Dr. Angeline et al. from the Hospital for Special Surgery, in New York City, New York, published an outstanding article in the American Journal of Sports Medicine in Feb, 2013 regarding the effects of Vitamin D deficiency in athletes. Listed below are bullet points from their article.
– Vitamin D deficiency is defined as serum levels of less than 20 ng/ml and insufficiency is defined as a level of 20 to 31 ng/ml. Vitamin D intoxication is defined as greater than 150 ng/ml.
– Medical studies have found Vitamin D deficiencies ranging from 40 to 50% in dancers, patients undergoing ACL reconstruction or meniscal surgery. A recent study conducted by the Hospital for Special Surgery in New York found that out of 89 NFL players from a single team 51% were vitamin D insufficient and 30 % were deficient.
– Sources of dietary Vitamin D and intestine absorption of Vitamin D a minor part of the total Vitamin D requirements. The MAJOR source is from the interaction of the skin with UV light.
-Vitamin D regulates the intracellular accumulation of phosphate within the muscles cells and this helps to maintain muscle function and metabolism.
– Vitamin D receptor expression within muscle tissues decreases with age, which may provide a partial explanation as to why athletic performance declines with age.
– Vitamin D’s active metabolite 1,25(OH)D3 binds to the muscle nuclear hormone receptor, vitamin D receptor (VDR) . It’s pathway promotes gene transcription leading to increased cell protein synthesis and growth.
– Studies in Vitamin D deficient rats have shown that supplementation increases protein synthesis and muscle mass. There was also a decrease in the rate of exercise induced muscle apoptosis.
– Muscle biopsy specimens from adults with low Vitamin D levels have revealed atrophic changes of type 2 muscle fibers which is reversed with Vitamin D and calcium supplementation.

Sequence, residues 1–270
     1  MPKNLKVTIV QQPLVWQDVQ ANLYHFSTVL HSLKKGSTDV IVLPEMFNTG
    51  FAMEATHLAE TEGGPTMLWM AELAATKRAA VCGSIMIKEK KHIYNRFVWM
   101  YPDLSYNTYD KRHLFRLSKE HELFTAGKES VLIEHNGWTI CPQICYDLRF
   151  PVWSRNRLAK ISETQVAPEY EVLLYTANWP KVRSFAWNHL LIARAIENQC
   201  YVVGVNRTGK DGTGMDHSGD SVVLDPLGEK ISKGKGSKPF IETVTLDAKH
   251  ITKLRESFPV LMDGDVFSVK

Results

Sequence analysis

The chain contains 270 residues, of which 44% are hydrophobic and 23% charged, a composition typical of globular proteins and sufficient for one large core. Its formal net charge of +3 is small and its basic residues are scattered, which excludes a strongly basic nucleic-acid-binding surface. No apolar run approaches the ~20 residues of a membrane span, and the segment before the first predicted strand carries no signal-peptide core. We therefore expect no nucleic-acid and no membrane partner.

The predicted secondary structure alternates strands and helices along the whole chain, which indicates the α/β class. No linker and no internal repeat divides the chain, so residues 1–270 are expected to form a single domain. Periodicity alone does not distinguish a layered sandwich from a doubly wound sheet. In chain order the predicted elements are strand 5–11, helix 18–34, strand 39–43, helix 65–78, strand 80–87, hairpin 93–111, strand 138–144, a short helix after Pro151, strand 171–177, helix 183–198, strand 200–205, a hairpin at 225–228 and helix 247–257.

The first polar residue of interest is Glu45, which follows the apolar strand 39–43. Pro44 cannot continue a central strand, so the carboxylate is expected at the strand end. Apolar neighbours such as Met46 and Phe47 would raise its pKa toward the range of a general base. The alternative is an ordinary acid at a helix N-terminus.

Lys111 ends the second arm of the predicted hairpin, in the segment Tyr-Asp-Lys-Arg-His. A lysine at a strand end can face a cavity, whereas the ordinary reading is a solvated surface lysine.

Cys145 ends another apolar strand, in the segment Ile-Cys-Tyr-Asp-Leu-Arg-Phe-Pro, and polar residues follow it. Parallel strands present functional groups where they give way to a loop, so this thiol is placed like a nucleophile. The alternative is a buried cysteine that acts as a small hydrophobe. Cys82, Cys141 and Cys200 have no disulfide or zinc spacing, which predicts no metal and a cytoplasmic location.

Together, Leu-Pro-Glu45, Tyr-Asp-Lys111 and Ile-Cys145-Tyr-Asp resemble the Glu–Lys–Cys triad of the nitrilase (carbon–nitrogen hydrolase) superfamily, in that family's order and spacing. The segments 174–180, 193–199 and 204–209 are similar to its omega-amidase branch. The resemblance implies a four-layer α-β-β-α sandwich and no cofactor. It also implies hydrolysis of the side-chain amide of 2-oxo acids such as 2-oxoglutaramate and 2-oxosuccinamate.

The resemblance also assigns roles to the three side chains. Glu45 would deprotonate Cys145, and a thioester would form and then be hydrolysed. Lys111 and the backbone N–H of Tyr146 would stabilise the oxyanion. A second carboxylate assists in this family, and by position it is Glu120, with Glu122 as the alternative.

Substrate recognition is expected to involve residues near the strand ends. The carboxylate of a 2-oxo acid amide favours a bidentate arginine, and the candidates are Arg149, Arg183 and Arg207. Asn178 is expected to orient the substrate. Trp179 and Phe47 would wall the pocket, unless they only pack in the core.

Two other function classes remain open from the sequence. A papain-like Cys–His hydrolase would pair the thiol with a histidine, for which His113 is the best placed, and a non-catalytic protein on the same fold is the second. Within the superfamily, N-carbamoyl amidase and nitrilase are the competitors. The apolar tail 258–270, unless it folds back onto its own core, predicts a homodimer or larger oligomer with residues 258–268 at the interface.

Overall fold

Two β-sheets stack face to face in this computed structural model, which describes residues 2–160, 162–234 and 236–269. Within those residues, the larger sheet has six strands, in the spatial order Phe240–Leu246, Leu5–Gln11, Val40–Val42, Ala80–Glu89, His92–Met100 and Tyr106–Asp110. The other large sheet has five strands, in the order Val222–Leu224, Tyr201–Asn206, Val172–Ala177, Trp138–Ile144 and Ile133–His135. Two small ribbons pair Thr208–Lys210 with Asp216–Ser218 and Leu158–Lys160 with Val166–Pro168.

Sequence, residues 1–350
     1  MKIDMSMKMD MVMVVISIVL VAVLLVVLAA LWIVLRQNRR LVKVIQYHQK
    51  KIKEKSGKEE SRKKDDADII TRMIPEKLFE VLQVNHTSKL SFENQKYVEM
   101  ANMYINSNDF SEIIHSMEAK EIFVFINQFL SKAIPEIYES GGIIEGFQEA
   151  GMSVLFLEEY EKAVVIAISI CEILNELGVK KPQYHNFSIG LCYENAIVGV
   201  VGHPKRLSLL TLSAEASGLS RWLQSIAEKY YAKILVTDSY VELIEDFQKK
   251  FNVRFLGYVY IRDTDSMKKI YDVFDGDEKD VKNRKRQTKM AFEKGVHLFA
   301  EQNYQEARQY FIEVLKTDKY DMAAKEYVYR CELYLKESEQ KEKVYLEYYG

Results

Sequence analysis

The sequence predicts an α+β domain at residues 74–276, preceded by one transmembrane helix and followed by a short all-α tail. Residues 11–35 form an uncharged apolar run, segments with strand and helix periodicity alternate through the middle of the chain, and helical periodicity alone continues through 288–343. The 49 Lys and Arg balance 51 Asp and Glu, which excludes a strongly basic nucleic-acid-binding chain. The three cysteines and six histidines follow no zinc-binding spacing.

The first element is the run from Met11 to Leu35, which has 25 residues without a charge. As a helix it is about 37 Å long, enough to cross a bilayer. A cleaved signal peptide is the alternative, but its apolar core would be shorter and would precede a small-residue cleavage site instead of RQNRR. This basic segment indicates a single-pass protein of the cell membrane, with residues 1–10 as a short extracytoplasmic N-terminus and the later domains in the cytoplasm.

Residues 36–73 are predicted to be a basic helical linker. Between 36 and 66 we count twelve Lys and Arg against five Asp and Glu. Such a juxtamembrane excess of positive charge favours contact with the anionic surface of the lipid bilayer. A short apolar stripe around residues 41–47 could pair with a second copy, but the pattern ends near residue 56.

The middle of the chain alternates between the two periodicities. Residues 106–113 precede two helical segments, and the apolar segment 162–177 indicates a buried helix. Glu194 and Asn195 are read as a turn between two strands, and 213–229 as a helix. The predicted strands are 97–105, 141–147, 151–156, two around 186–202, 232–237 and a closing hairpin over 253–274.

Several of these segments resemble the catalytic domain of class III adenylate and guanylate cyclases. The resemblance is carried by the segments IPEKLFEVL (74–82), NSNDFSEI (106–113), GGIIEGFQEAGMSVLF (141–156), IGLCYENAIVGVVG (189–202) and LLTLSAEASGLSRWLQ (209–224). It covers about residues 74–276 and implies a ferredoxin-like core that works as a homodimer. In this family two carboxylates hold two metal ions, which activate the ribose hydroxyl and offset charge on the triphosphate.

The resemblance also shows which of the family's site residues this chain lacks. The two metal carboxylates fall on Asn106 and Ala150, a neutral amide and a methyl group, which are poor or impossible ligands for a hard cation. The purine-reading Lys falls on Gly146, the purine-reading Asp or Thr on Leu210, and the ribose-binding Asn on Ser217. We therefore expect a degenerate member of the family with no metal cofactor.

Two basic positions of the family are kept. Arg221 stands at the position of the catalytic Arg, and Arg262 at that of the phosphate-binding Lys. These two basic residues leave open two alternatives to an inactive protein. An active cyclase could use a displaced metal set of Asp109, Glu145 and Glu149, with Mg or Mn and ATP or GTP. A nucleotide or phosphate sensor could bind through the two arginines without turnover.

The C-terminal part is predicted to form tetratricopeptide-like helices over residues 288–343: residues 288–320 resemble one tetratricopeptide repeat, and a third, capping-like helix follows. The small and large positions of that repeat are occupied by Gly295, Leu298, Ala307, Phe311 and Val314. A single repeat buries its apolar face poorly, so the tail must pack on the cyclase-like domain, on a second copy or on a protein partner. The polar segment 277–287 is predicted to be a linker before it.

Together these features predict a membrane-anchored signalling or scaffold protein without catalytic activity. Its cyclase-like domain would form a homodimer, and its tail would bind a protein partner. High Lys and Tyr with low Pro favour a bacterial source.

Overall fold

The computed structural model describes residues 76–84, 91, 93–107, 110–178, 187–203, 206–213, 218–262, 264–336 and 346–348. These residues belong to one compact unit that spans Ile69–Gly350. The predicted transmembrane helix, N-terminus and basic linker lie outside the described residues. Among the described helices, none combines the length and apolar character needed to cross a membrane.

– Vitamin D deficiency is associated with limited sun exposure: sunblock use, region in the world, indoor training and dark skinned athletes -Vitamin D supplementation may help improve athletic performance if the athlete is deficient. Unfortunately there are NO studies that determine the best level for the highest performance .
– There are some studies that suggest that high level of Vitamin D may be linked to other health problems such as tissue or kidney damage.
– Vitamin D supplementation is best if 25(OH) D3 is used. D2 is only 30 % as effective as D3 -RDA recommendation for Vitamin D is 600 IU/day door children older than one year in age , adolescence and adults up to 70 years of age
– RDA serum concentrations of 25(OH)D3 is between 30 to 50 ng/ml.
– For the body to optimally absorb calcium the blood level of Vitamin D must be at least 30 ng/ml.
– If the bodies level of Vitamin D falls below 30 ng/ ml it causes calcium to be mobilized from bone via parathyroid hormone and RANK-L. This can cause stress fractures and osteoporosis.
– Calcium and Vitamin D supplementation has been shown to decrease the incidence of stress fractures in female military recruits.
– A link between Vitamin D deficiency and decreased athletic performance has been known for years. Seasonal variability of athletic performance in the northern hemisphere was reported in the 1950’s. Peak performance occurred during late summer months and declined in the winter. Studies have revealed peak performance in the summer and lowest performance in the winter even with consist training throughout the year. It’s maybe related to vitamin D levels.
– UV radiation has been used in the past to improve physical performance: Russian researcher found in 1938 improvements in sprinters treated with UV radiation as compared to their non irradiated controls. The Germans in 1952 found increases in cardio fitness in children when exposed to UV radiation. The control group of children improved, to match the UV exposed group fitness levels, when given Vitamin D supplementation. More recent studies have revealed an increase in muscle power, force, velocity and jump height in girls age 12 to 14 when Vitamin D levels were optimized. Another more recent study found an increase in grip strength in teenage girls with normal levels of Vitamin D compared to the control group that was deficient.
– Recommendation from the authors are to assess total serum 25(OH)D3 levels in high risk athletes and treating those that are deficient or insufficient.